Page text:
Student-Ready Relief: Using Emergency Funds to Promote Student Success
Updated: Nov 18, 2022
Throughout the pandemic, federal leaders have recognized the unique challenges facing higher education. Campuses were forced into the virtual space for instruction and advising. Financial insecurity and concerns about health and safety led to substantial enrollment declines. Students facing hardships needed more support to succeed academically, but at the same time, it became harder to connect with students and provide them with the necessary resources.
The federal response has been swift and thoughtful. Three separate COVID relief packages allocated funding to colleges and universities through the Higher Education Emergency Relief Fund (HEERF). This funding provides flexibility for postsecondary institutions to design a relief approach that works best for their students, while embracing an important concept - that direct aid to students must be coupled with internal work at the institution, such as training and technology upgrades. The Biden Administration’s proposed American Families Plan, if enacted, would make an even greater investment in higher education, specifically community colleges and minority-serving institutions, with an intentional focus on student outcomes.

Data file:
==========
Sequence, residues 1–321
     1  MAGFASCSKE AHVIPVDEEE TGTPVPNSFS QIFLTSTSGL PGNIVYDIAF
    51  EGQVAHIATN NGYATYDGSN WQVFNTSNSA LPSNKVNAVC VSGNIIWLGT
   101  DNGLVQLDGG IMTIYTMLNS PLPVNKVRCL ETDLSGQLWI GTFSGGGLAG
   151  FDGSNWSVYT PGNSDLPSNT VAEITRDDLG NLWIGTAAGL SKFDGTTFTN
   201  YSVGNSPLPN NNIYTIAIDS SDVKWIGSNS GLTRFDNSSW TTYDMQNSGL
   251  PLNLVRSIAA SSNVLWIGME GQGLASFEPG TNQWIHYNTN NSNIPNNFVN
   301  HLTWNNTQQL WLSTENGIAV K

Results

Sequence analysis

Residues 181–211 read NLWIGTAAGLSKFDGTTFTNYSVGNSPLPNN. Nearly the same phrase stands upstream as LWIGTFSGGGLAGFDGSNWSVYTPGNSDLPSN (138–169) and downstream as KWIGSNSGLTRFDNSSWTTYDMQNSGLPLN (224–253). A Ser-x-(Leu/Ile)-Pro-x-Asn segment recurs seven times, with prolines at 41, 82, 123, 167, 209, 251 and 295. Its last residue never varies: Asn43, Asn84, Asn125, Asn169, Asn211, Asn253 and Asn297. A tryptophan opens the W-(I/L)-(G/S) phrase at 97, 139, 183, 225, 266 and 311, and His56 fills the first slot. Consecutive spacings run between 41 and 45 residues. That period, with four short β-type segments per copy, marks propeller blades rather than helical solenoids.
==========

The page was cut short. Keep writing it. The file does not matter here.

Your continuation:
The flexible nature of the federal funding, while welcomed, poses a challenge for postsecondary leaders looking for guidance to help prioritize among the myriad potential uses. Which investments will be the most meaningful for students? What can be done with the funding to permanently improve student outcomes, even when the pandemic has passed? How should direct aid, support programs, and training be designed to ensure they dismantle long-standing inequities rather than exacerbate them?
In response to these important questions, Student-Ready Strategies has released a series of six single-page briefs, each focused on a specific, evidence-based solution that institutions should consider enacting using their current or future HEERF dollars. Each brief explains the solution, how it addresses the challenges of the pandemic, and how it can be designed in an equitable way. The briefs can be found below.
Some of the briefs will address things like student financial aid communication and emergency grants, which are explicitly called for in the funding requirements. Others are intended to introduce new ideas and creative thinking about how HEERF could be best applied to fuel long-lasting transformation in American higher education. Ultimately, we hope that these briefs serve as conversation starters and keep the national focus on achieving educational and economic equity, now and in the future.